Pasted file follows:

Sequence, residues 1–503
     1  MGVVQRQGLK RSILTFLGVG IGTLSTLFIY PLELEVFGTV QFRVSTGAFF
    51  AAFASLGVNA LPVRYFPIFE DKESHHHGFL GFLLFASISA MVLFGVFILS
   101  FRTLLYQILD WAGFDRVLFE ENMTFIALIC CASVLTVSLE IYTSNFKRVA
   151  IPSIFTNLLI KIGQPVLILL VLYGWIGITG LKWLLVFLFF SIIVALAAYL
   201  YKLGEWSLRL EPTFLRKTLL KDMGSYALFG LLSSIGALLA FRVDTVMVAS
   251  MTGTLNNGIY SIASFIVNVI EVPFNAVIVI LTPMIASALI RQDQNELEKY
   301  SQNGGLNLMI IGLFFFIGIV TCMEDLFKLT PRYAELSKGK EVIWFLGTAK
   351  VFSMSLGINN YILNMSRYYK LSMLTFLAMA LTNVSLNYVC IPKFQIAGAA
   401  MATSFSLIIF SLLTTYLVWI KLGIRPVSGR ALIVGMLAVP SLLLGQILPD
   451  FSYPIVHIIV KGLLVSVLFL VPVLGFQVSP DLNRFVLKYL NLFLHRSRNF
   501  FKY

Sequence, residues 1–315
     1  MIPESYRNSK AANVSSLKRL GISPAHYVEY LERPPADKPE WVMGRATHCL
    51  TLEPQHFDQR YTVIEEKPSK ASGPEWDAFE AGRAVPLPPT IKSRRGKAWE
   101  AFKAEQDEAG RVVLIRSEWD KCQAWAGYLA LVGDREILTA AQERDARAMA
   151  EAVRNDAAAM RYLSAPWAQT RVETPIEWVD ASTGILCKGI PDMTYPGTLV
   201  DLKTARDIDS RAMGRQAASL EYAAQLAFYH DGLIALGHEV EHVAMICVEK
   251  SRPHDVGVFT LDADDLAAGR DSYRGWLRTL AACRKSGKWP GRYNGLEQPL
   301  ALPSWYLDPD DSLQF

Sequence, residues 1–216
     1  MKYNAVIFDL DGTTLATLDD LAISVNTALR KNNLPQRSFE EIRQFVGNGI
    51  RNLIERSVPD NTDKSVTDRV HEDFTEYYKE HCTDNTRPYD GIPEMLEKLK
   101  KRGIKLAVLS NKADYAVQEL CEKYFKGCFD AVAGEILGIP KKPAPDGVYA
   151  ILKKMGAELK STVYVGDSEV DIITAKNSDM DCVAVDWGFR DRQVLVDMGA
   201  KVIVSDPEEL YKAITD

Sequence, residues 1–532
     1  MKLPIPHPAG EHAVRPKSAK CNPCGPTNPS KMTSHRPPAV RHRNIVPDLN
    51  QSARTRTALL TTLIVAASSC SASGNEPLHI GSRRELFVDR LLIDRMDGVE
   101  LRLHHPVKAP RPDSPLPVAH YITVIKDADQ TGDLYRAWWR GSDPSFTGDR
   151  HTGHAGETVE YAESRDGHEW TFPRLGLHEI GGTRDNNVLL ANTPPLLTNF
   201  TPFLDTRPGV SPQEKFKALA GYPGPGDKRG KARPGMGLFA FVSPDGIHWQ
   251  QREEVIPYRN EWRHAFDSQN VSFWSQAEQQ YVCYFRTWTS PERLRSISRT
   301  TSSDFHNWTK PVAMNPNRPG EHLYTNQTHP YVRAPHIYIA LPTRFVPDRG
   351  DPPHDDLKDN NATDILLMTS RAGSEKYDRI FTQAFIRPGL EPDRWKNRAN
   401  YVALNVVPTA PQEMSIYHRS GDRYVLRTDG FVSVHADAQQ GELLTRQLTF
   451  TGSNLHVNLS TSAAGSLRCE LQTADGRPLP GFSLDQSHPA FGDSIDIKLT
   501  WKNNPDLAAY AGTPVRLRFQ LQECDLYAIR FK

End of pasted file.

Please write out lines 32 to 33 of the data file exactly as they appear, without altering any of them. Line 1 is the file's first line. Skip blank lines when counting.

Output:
   201  TPFLDTRPGV SPQEKFKALA GYPGPGDKRG KARPGMGLFA FVSPDGIHWQ
   251  QREEVIPYRN EWRHAFDSQN VSFWSQAEQQ YVCYFRTWTS PERLRSISRT